December 16, 2018

FTV: Badfinger

    The band that could be the next Beatles.  This was never a good way for the press to introduce a band to the world.  It has happened many times over, but it has never quite worked out that way.  The pop band The Cyrcle were introduced on Dick Clark’s American Bandstand as “the band that could be the American Beatles.”  Does anyone even remember anything about them except maybe their one hit, Red Rubber Ball?  The mystery Canadian band Klaatu got a lot of press because one American reporter for a Providence, Rhode Island newspaper reviewed their first album and hinted at some possible Beatles links.  That is all it took to propel this previously ignored group into respectable album sales. When if finally came out that they were not A) The Beatles, B) Some of the Beatles, or C) a group secretly guided by one or more Beatles, they disappeared into the obscurity from which they had come.  Then there was Badfinger. They met criteria C) above and recorded some great music on The Beatles imprint, Apple Records, making them perhaps the first band to have the millstone of “the next Beatles” hung around their neck and almost make it work.

    I had heard of Badfinger because of the hit song Come and Get It from their first LP (Magic Christian Music), the soundtrack album from the movie The Magic Christian.  Prior to recording music for the movie, they were a Welsh band known as The Iveys and Magic Christian Music ended up as a collection of music written specifically for the movie plus some old and newer originals by The Iveys.  The basic band of Pete Ham (guitar/keyboards/vocal), Tom Evans (bass/vocals), and Mike Gibbins (drums) was joined by guitarist/vocalist Joey Molland and this line up recorded an album together as Badfinger in 1970 (No Dice).  I got to know them a lot better when my brother got me the album for Christmas in 1970.  After one listen through, I played my Twig bandmates Mike and Gene I Can’t Take It and No Matter What and stated, “We have to learn these!”  By the time Mike figured out the chording, I had the lyrics to both written down and memorized.  The songs fell together just like that and were always tunes that brought dancers on the floor no matter what kind of gig we were playing.  When Mike and I later played together in Sledgehammer, we introduced I Can’t Take It into that band as well with the same results we had seen with The Twig.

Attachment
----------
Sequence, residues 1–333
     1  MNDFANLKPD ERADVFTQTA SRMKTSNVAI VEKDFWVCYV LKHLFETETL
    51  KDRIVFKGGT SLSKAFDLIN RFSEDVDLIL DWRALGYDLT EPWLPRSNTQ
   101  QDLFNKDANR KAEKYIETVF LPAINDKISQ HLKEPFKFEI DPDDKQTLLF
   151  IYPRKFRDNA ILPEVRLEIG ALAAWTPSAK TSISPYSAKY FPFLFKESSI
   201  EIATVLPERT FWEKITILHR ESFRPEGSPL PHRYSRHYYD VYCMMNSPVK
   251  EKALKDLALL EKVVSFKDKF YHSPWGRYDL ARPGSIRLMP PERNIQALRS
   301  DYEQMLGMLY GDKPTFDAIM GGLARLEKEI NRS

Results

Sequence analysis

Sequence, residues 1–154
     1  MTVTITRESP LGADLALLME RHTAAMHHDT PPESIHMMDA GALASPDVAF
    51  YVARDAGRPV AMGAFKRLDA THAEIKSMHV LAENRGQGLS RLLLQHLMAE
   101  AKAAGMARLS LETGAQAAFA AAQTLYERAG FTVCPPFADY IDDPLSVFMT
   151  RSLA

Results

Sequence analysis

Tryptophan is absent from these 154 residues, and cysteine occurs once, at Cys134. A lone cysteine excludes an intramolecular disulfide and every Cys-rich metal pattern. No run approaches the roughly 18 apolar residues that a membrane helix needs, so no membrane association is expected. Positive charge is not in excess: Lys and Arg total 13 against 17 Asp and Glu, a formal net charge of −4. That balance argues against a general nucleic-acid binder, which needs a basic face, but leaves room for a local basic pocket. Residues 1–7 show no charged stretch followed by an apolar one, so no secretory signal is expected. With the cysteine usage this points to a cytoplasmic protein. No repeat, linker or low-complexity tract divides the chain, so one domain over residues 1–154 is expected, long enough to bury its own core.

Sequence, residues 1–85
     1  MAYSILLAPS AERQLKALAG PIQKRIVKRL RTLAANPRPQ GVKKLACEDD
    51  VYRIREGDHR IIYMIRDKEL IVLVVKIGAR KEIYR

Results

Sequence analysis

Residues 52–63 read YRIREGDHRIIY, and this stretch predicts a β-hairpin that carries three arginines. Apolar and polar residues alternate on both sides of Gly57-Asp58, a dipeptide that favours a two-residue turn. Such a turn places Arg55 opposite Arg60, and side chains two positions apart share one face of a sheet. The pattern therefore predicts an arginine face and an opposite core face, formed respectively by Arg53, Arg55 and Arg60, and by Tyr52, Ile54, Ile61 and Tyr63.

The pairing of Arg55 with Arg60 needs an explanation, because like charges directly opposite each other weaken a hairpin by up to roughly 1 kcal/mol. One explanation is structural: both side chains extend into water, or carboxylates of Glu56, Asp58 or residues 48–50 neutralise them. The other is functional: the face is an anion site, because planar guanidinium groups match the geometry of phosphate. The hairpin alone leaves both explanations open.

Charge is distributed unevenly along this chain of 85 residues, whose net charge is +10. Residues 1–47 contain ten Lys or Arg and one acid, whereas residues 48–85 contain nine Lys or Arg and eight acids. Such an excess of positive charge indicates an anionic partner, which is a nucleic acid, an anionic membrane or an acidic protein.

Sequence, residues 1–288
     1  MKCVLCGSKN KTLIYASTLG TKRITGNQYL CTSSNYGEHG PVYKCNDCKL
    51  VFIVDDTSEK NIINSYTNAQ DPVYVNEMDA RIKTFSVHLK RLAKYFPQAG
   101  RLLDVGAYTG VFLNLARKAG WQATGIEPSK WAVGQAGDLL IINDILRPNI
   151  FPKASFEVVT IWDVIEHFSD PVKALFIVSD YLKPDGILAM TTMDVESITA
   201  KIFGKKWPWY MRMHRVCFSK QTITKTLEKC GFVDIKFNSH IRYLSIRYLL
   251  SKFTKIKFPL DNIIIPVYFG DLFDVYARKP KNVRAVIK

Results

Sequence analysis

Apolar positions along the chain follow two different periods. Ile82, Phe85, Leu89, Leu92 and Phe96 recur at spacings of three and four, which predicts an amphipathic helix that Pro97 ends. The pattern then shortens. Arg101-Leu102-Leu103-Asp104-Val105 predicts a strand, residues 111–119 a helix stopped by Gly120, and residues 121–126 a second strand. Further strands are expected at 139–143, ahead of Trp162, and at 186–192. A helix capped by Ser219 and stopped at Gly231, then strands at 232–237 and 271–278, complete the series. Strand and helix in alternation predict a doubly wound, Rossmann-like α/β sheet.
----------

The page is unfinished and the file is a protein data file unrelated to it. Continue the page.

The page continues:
The first song released from No Dice as a single was No Matter What.  We loved playing this live because there was a false ending that saw the chorus abruptly end and, after a pregnant pause of several seconds, the refrain would start up again without so much as a grace note to cue the band.  Some crowds would egg us on to do the ending more than once and a slight nod from Mike was the only cue we needed to repeat the ending once, twice or even three more times. No Matter What became a top ten hit around the world and made an excellent lead in to the album that was released soon after.  No Dice not only sold better than Magic Christian Music, it also became their top selling album.  It was the biggest selling Apple Records release that wasn’t by The Beatles.  There wasn’t a second single released from the album, but Harry Nilsson (and much later, Mariah Carey) scored a world-wide number one hit with his cover of the Ham/Evans song Without You.